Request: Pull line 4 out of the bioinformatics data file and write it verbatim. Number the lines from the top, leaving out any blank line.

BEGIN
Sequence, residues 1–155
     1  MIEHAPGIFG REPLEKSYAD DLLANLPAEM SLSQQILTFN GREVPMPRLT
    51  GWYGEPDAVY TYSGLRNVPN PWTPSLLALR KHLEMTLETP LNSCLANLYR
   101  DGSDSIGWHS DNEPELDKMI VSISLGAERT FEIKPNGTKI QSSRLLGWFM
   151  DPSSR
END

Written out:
   101  DGSDSIGWHS DNEPELDKMI VSISLGAERT FEIKPNGTKI QSSRLLGWFM